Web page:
BRIEF COMMUNICATION presented at the international workshop Women in the History of Science, Philosophy and Literature that took place in Syros, Greece, 12-14 July 2018.
The underlying question of this workshop is what do we learn if we adopt a gender-sensitive perspective, that we do not learn from the mainstream narratives in history of science, philosophy and literature? Stories of women who thrived in philosophy can surely be found in the mainstream history of philosophy – often combined with the politically-correct lament for the inferior status they enjoyed; but it is indeed difficult to find a history of philosophy that takes seriously into account the gendered ways of philosophizing. After all, philosophy is philosophy and science is science. Truth about the world and about being in the world does not depend on gender, class, race etc. It is a hard-core result that can be reached through various ways, but is always the same.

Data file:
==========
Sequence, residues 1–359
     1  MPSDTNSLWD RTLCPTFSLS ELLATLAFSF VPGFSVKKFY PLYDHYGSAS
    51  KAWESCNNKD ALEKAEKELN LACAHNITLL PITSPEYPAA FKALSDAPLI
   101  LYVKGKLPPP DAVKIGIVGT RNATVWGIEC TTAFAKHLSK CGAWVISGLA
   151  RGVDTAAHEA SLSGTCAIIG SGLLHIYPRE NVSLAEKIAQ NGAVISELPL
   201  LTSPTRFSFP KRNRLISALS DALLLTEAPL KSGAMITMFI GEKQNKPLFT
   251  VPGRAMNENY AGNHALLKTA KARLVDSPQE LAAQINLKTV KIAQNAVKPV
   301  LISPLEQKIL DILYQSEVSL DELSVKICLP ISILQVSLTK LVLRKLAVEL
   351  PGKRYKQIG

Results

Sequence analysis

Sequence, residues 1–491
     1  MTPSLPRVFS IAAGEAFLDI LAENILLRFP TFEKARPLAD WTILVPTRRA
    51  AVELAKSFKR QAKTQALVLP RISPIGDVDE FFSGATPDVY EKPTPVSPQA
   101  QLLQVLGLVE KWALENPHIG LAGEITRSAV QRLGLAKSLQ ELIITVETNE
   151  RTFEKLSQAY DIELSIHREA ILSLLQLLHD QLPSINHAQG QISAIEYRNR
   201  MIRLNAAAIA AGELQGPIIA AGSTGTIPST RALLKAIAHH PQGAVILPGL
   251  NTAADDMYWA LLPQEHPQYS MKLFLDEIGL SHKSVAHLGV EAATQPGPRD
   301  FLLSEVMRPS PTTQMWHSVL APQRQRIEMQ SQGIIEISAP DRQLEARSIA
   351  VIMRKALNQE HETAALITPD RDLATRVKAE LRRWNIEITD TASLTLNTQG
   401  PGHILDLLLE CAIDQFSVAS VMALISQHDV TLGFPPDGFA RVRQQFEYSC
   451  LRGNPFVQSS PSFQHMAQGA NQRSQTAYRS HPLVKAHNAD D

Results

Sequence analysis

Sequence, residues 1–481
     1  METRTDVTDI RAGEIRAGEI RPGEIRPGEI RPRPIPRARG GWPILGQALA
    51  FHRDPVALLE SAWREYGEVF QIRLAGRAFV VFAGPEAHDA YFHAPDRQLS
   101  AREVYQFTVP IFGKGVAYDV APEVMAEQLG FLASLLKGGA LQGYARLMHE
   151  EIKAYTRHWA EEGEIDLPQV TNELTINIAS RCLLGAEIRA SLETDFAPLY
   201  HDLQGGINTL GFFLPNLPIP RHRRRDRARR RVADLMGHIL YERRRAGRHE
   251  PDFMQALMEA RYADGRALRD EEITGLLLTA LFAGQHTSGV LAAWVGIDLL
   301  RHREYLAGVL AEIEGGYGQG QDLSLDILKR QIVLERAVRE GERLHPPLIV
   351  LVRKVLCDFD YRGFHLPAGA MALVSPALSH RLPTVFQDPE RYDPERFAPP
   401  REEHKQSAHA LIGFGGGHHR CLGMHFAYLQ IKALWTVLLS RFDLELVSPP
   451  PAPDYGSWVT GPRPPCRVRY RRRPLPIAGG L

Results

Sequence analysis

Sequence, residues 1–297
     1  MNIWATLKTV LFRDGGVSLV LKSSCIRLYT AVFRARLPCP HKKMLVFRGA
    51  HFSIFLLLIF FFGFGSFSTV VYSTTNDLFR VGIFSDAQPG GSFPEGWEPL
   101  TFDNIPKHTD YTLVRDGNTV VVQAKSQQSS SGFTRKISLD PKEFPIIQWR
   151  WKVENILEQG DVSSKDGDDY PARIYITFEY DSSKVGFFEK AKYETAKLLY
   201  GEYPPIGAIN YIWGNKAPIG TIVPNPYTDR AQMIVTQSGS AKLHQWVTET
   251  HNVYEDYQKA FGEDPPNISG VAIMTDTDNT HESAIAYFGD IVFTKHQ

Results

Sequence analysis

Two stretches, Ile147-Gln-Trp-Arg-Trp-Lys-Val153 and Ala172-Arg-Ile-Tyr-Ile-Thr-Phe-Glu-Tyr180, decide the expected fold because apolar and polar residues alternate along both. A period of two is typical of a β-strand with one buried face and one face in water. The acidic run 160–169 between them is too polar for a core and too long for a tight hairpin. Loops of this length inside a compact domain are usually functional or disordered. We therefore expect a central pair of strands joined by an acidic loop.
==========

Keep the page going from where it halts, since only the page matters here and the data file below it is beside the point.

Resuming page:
Of course, all of us who participate in this meeting know very well that this is an obsolete approach and that historiography has moved far beyond this point. However, we should not fool ourselves: Stories in the press, stories taught at schools, reproduced in the public sphere and even the commonsensical perception of history of science and philosophy have it this way. They defend women’s position and even assert their right to enjoy equal treatment by historians, but they are unable to escape the limits of the established perspective. If we take some distance from our disciplinary borders, we’ll soon come to realize that we are just an islet in an ocean of trivial feminism.